In my previous article – “Filtering E-mail by World Regions in Exchange Server 2003“, I wrote about a way to block e-mail originating from specific countries. Although this can be done at the Exchange server level, sometimes, in cases where a user wants to block certain areas of the world from sending him or her spam or other unwanted e-mail, he or she can turn to the client side of the messaging infrastructure.
Using Outlook 2003 SP2 or Outlook 2007’s Junk Email filter options, you can block e-mail by the top level domains by country (.NG, .CN, .CZ, .HK, and so on) and encoding (character sets).
As noted on my previous article, originally, most spamming e-mail servers were hosted in the United States, but with the adoption of several anti-spam laws many spammers were forced to move their operations to countries with fewer controls and rules to host their operations. Today, countries such as China, Korea, Russia, Vietnam, and Brazil are fast becoming sources of spamming mail servers. Naturally, countries with the highest number of spammers operating within their networks are usually those with poor or non-existent spam laws.
E-mail traffic received from places where an organization has no interest will likely be spam, and can be easily accomplished by using either Exchange 2003’s connection filtering capabilities alongside with a good DNSBL server (see “Filtering E-mail by World Regions in Exchange Server 2003“), or by using a good 3rd-party anti-spam software or appliance.
Since in Outlook 2003 SP2/Outlook 2007 you can only block e-mail by the top level domains by country and not by IP address ranges, this will not be as effective as using a good 3rd-party anti-spam application that has more complex capabilities. The reason for this is that many spammers do not use country domains on the Mail From e-mail addresses they fake, and the Outlook Junk filter can only look at the e-mail’s header and it cannot perform a true investigation on the real sources of that e-mail.
Also, filtering spam by encoding may remove more spam from your mailbox, but again, this is not as effective as a good junk mail filter.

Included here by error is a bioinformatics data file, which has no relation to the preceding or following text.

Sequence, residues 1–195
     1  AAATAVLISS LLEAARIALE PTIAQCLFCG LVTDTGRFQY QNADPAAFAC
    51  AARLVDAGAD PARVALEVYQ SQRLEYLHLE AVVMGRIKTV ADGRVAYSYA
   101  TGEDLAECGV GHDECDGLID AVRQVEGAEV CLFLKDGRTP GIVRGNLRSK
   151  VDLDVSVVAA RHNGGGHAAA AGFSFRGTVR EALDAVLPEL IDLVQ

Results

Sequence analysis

To set these options follow these steps:
1. Open Outlook 2003 or 2007
2. Click Actions –> Junk Mail Options
3. In the Junk Mail Options window, click on Blocked Top Level Domain List
4. In the Blocked Top Level Domain List window, scroll and select any country you wish to block, based upon the top level domain name assigned to that country. For example, if you wish to block Nigeria, click and select NG (Nigeria).
5. Click Ok.
6. Back in the Junk Mail Options window, click on Blocked Encoding List.
7. In the Blocked Encoding List window, scroll and select any encoding type you wish to block. Make sure you only block encodings for countries or regions you do not do business with. In English speaking countries, much of the legitimate email will use US-ACSII or Western European. I also add Hebrew to the list of NON blocked encodings.
8. Click Ok all the way out.
As in my previous article, note that no matter how good Outlook’s junk mail filter looks, a decent 3rd party anti-spam filter will do a better job of filtering out all of the spam, regardless of the country of origination. In any case, most organizations will opt to perform most of the junk mail filtering at the server, gateway, or mail relay level, leaving the user with some management capabilities (such as adding or removing senders from personal white lists or black lists, and some ability to look at the blocked items to see if any of them is of any importance to the user).